Susan Patterson, an associate professor at Lesley University who teaches a graduate course on cyberbullying in the educational technology department, agrees. “Middle school is the largest group if you look at it statistically,” she says of cyberbullying trends. Although has gotten a lot of attention as of late, Patterson says it wasn’t the first site of its kind: That designation belongs to Formspring, which launched in 2009 and was intended as a forum. Users could create profile pages and then pose questions of other users. The trouble was users could post answers anonymously and could privately follow others’ profiles and comments, a perfect formula for cyberbullying. The site began to generate negative attention after it was linked to a handful of suicides and stories of peer bullying. Formspring eventually shut down, but it relaunched as in June. Its terms of use – like most other social networking sites – addresses bullying, age of use and inappropriate content. When signing up, users must agree not to post content that “promotes discrimination, bigotry, racism, hatred, harassment or harm against any individual or group.”

Do such written policies help? That’s the question, says Patterson, and based on the number of tweens on Facebook – kids “technically” have to be 13 to join – and other social networking sites, the answer would appear to be very little. “Their goal is business, not making kids safe,” notes Patterson.

Parents, of course, are key when it comes to staying on top of their children’s social networking activities, but even the most vigilant parents can miss things if they’re not technology hawks.

Patterson references the increasing popularity of free texting apps, such as Kik and Voxer. The apps work much like an iPhone’s iMessaging in that the messages transmit via Wi-Fi rather than the user’s messaging plan. Because of the way they work, parents would be in the dark unless they knew exactly what they were looking for. And, most often, parents simply don’t know. Such is the nature of the technological and digital beast: It’s constantly changing. The virtual world is the world in which most adolescents live; by the time parents hear about one app, their children have already moved on to the next.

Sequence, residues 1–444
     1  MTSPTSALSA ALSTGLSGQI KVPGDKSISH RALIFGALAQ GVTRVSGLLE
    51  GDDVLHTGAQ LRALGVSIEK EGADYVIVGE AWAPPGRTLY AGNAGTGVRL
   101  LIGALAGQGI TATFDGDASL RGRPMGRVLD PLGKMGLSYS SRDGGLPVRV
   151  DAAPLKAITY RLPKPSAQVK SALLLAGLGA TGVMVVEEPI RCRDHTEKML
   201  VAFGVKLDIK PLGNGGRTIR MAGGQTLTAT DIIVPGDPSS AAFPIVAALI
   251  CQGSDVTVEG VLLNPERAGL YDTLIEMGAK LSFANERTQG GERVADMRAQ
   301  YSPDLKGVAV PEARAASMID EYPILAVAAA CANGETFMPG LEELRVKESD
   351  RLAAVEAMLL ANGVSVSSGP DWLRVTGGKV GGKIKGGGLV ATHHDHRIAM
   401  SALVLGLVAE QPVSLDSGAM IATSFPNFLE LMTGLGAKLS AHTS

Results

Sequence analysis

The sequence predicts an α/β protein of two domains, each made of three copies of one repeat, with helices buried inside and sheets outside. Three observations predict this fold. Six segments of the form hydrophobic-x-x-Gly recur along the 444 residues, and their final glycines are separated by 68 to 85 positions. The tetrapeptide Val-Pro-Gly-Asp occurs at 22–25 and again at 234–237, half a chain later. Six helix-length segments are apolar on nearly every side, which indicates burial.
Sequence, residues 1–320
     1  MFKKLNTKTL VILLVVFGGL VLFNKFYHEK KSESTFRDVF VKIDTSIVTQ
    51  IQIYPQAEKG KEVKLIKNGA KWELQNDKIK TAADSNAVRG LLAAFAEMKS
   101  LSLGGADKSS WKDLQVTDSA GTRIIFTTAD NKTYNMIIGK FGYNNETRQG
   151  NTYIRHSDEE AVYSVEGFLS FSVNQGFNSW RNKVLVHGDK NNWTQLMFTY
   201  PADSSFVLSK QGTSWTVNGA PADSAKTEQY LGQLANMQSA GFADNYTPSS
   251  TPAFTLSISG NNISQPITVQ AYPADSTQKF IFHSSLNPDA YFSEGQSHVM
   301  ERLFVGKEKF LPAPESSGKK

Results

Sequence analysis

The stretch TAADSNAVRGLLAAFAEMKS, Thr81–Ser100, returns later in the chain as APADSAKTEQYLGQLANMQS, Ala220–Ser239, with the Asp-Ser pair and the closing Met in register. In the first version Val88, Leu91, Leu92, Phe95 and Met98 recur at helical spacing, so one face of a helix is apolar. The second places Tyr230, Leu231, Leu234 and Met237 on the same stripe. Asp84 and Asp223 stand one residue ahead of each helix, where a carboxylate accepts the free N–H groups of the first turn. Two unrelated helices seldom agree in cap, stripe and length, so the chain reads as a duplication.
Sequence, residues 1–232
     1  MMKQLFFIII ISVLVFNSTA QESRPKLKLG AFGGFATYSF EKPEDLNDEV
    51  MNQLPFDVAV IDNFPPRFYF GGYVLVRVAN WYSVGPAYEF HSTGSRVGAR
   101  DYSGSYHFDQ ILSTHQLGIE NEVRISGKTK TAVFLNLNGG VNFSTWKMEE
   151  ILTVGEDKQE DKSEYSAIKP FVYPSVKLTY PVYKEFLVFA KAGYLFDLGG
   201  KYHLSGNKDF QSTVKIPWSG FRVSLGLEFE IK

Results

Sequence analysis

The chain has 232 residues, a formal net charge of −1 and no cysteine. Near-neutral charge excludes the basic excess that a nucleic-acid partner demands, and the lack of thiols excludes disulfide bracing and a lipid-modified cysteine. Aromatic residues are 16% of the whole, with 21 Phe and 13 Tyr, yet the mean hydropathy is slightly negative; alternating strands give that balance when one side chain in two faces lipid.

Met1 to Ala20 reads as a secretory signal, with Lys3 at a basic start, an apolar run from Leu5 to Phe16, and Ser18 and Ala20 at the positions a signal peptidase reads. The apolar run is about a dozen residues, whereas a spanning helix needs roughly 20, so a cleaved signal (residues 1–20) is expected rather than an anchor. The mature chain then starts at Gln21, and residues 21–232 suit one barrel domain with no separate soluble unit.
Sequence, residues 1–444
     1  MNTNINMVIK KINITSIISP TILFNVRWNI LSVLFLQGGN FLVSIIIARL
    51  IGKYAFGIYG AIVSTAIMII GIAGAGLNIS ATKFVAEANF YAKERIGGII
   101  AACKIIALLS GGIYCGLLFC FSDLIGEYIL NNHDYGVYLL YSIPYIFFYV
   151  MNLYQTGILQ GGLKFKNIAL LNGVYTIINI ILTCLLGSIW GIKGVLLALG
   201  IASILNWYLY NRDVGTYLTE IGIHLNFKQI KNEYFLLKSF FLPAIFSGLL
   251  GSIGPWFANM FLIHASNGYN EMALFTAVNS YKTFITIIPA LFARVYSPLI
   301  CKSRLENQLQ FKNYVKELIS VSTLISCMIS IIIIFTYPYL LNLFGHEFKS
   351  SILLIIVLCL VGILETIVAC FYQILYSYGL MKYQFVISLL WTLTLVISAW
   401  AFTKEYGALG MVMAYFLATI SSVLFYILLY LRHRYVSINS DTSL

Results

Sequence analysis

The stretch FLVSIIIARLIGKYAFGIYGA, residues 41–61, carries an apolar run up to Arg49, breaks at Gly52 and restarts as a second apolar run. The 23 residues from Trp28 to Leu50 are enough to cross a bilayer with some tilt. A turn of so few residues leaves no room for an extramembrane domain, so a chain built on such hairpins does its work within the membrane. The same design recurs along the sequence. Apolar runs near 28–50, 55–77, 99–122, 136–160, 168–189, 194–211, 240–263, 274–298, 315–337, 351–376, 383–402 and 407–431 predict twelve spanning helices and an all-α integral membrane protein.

So if kids are 10 steps ahead all the time, how can parents keep tabs on cyberbullying?

“I think we just keep talking about it,” says Cohen. “We keep talking about issues like inclusion, about being part of a group, and we work on developing cohesion.” Cohen says teachers of students in that age range play an important role in helping children develop a sense of group cohesion without an enemy.

Having the right types of conversations with kids is also important, he says. Because bullying is about power, Cohen believes conversations on power – who has it, why they have it and how it is gotten – are more effective than discussing morals in these types of situations. In addition, Cohen says it’s important for parents not to divide the world into bullies and victims because all children experiment with social power.

“We don’t like to imagine that our children will be victims, but we also really don’t like to imagine that our children will be perpetrators. All children are likely to do that,” says Cohen. The key is to teach children empathy and to instill it in them at an early age.

And while limiting and monitoring virtual socialization is important, Patterson says, it’s unrealistic for parents to expect they will be able to control all of their children’s online activities. “Kids are pretty good at getting around filters as they get older, so this discussion becomes important,” she says. “Kids are not going to stop using this technology. Taking phones away or computers away doesn’t make the problem go away for the target, it just produces more anxiety.”

The best way for parents to combat cyberbullying is for them to keep being parents. Know who your kids’ friends are. Know where they’re going. Ask questions, and set an example by the way you use social media.

“I think that preventing all this really has to be a community action, and it really starts young. If you’re starting when cyber-bullying starts, you’ve waited too long.”

Jennifer Steffy Swanson is a Rhode Island writer, editor and mother of two young girls.